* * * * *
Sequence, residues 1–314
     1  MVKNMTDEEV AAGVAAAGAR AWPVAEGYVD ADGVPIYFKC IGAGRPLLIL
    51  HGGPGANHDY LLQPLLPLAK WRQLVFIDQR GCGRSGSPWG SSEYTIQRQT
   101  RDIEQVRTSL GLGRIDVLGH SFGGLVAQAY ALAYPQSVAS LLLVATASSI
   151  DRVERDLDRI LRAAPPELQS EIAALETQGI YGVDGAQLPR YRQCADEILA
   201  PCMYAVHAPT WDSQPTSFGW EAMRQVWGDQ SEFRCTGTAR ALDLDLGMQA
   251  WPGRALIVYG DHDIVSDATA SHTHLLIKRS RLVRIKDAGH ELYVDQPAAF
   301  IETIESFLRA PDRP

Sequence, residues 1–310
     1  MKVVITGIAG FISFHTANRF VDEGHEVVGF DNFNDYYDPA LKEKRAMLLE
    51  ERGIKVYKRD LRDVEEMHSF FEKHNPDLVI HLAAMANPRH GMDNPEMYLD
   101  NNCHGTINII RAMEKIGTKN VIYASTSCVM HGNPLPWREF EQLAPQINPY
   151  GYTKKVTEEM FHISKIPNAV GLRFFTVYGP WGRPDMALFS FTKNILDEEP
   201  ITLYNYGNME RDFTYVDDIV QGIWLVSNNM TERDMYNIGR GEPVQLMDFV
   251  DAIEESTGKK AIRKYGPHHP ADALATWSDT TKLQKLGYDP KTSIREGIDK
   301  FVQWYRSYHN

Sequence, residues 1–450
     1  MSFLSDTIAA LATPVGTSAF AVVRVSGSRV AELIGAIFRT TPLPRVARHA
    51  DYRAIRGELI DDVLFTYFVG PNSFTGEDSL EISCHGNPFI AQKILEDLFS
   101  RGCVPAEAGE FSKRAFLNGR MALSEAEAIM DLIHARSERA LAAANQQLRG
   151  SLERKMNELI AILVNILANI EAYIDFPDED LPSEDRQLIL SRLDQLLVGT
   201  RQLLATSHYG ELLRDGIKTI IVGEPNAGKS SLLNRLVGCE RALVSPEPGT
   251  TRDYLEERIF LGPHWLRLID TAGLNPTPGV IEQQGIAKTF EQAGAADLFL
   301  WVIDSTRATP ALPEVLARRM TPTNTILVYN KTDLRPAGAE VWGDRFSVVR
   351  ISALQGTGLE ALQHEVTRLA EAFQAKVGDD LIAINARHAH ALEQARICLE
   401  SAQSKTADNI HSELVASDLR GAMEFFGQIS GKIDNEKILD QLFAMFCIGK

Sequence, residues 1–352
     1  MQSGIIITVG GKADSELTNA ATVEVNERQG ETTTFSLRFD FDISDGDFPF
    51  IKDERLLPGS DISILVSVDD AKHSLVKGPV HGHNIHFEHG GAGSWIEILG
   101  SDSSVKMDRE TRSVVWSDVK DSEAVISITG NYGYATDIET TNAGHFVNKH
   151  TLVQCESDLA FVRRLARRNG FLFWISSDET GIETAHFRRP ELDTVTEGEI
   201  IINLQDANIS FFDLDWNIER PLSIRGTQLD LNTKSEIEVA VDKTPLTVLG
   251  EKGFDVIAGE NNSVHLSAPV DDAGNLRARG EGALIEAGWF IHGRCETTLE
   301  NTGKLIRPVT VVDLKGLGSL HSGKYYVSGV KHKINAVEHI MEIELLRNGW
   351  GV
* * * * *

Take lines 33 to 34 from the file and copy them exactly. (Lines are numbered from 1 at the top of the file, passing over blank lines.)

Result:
   251  EKGFDVIAGE NNSVHLSAPV DDAGNLRARG EGALIEAGWF IHGRCETTLE
   301  NTGKLIRPVT VVDLKGLGSL HSGKYYVSGV KHKINAVEHI MEIELLRNGW